You can say anything on Yik Yak, as long as it’s not a competing app’s name. The anonymous app has quietly built a system that downvotes any mentions of several other apps for college kids including Fade, Sneek, and Unseen until no one can see them.
By adding one downvote per minute, Yik Yak makes it look like other anonymous users dislike these posts. But tests in isolation demonstrate that it’s Yik Yak itself suppressing its competitors. And once a post gets five downvotes, it becomes completely invisible.
Yik Yak’s app for posting anonymous little text snippets to people nearby blew up with college students over the last year and has raised $73.5 million. It shouldn’t need these shady tactics.
Calls, texts, and emails to Yik Yak received no reply before press time.
[Update 5pm PST: Yik Yak’s co-founders Brooks Buffington and Tyler Droll have responded to me via phone, but only agreed to speak on background and not to be quoted. They say they will send me a written statement soon. When asked about their side of the situation, they did not apologize, but said their intention wasn’t to suppress competitors. They say the downvoting is part of an anti-spam tool, and the minute-by-minute downvotes are designed to give posts chance to be upvoted by the community. They did admit that the tool was blunt and premature, and that they would work to improve it to delete fewer innocent posts.
At 5:45pm, Droll sent this statement: “We did not design a system to prevent other companies from gaining buzz on Yik Yak. To maintain a positive experience on the app, we do take action to help prevent people from spamming our users. Unfortunately our tool isn’t perfect, and we’re actively working to make it more precise.”
My take is that even if it was designed to stop spam, and even if there were instances of employees or fans of these competitors aggressively promoting these apps on Yik Yak, this method of downvoting to death any post containing their names was inappropriate. There are plenty of more accurate ways to deter spam, like blocking specific device IDs.
Spamming Yik Yak would be extremely difficult anyways since posts only appear to users with a few miles. A company would need coordinated spamming by tons of people around the country to make a dent.
Well-funded, popular startups should be held to a higher standard than throwing the baby out with the bath water.]
I spoke with Fade CEO David Stewart a few days ago, and he showed me the downvoting in the wild. Here’s a GIF I made from one of his example videos, and a full video from Fade showing the downvoting happening live can be seen further below.
But there’s no explicit prohibition of talking about other apps. And Yik Yak isn’t just downvoting aggressive promotions of competitors like “I love CollegeAppX, it’s the best. Download it now!!!” It’s downvoting any mention, including casual organic mentions by mutual users, and even ones that have nothing to do with apps.
If you write something on Yik Yak like “watching the sunset fade” or “Big dude in low-cut jeans. That cannot be unseen”, the posts will still get auto-downvoted. The system sure seems designed to keep any other company from gaining buzz on Yik Yak.
This minute-by-minute downvoting into oblivion is arguably more nefarious than what Yik Yak used to do, which was immediately delete any post that mentioned a competitor. That at least made it obvious what was happening. By gradually downvoting, Yik Yak misleads users into thinking the hate was coming from their peers.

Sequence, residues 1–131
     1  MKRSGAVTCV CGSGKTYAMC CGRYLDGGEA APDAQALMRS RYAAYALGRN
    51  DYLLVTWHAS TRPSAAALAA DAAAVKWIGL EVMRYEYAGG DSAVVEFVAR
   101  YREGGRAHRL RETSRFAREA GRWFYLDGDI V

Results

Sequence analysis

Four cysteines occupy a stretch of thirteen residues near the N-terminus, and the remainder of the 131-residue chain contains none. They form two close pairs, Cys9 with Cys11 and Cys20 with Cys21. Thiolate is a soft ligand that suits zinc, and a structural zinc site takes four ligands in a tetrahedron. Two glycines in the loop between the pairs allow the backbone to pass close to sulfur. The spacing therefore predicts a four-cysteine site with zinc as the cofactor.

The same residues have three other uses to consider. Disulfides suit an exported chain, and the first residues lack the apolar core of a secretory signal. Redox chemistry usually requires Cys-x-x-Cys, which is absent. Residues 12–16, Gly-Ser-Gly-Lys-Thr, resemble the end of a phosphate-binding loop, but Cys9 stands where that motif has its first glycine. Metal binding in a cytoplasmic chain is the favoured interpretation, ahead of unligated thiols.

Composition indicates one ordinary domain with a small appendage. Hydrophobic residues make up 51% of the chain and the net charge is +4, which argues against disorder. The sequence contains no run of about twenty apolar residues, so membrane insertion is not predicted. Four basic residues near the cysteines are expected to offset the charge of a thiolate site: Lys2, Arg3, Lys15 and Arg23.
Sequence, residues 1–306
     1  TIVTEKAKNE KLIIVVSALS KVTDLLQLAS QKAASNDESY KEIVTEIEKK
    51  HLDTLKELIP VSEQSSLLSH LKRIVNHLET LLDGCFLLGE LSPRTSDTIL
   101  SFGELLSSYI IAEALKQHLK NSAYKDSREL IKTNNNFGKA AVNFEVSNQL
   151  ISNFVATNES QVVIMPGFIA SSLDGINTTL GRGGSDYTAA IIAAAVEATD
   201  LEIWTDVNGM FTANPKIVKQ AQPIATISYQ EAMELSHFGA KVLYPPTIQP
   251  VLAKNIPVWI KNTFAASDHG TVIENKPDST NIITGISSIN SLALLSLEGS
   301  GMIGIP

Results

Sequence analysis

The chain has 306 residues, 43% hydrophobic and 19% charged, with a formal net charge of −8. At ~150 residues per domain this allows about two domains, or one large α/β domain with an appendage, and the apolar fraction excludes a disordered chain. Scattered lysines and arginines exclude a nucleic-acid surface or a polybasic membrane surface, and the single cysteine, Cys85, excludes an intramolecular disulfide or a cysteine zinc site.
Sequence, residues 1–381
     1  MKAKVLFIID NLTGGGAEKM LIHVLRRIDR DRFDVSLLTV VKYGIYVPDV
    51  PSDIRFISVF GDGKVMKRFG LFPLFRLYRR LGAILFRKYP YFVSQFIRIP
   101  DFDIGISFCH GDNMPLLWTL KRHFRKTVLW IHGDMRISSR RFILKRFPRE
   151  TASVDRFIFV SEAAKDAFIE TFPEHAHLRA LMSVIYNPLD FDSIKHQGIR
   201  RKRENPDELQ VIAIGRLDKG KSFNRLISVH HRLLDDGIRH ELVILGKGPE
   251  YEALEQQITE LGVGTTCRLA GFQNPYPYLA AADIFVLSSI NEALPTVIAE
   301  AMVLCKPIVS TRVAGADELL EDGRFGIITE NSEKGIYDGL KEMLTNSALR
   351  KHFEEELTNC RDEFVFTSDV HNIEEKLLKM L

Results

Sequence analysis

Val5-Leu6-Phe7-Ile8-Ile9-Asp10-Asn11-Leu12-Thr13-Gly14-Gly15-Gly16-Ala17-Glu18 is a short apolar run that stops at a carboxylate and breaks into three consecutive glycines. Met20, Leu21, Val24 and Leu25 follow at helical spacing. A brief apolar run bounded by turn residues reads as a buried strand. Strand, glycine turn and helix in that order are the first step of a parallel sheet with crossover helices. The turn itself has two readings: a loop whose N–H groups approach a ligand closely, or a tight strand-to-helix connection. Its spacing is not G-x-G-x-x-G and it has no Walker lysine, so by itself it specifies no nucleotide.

I ran my own test, and sure enough, my post got a downvote each minute until it was destroyed.
This censorship contradicts Yik Yak’s stated mission of giving users an “organic, unfiltered feed of news”. The company’s COO and co-founder Brooks Buffington wrote that Yik-Yak is “delivering organic and unfiltered truths, which cannot be said for other news mediums.”
…Except you still see mentions of The Washington Post in The New York Times. And while Facebook may be giving more visibility to videos uploaded to its platform than links to YouTube, it’s not such a blatant anti-competitive practice that hurts underdog businesses.
One of those businesses is Fade, an app designed for college kids to share photos and videos that are visible for 24 hours, but can gain or lose an hour of visibility if other users like or dislike them.
Fade, recently started getting reports from its users about what happened if they tried to mention Fade on Yik Yak. So the startup alerted me and made this video. It shows exactly how Yik Yak is suppressing its competitors, and how after receiving a fifth systematic downvote at the five-minute mark, posts containing the names of competitors disappear from the feed:
In response to being blocked, later today Fade will add a “Not Yik Yak” button to the page in its app where users can share to other social networks. Tapping the button shows Yik Yak’s logo affixed on photos of Kim Jong-un to protest Yik Yak’s censorship.
Not only is Yik Yak arguably blocking competitors in a way that’s unfair, its dragnet is deleting innocent posts by its own users.
There’s really no excuse for the latter, considering Yik Yak has plenty of money after raising a $62 million Series B round of funding in November from prestigious VCs like Sequoia Capital and Kevin Colleran. It could surely hire community managers to weed out spam from competitors without silencing organic mentions.
Yik Yak want to be the world’s unfiltered anonymous back channel — an important communications utility. One of its big challenges has been fighting the faceless trolls and jerks that abuse these kinds of spaces. It once had to shut down at high schools to keep kids from insulting each other.
But as long as it’s blick-blocking mentions of competitors, it is Yik Yak that’s become the cyberbully.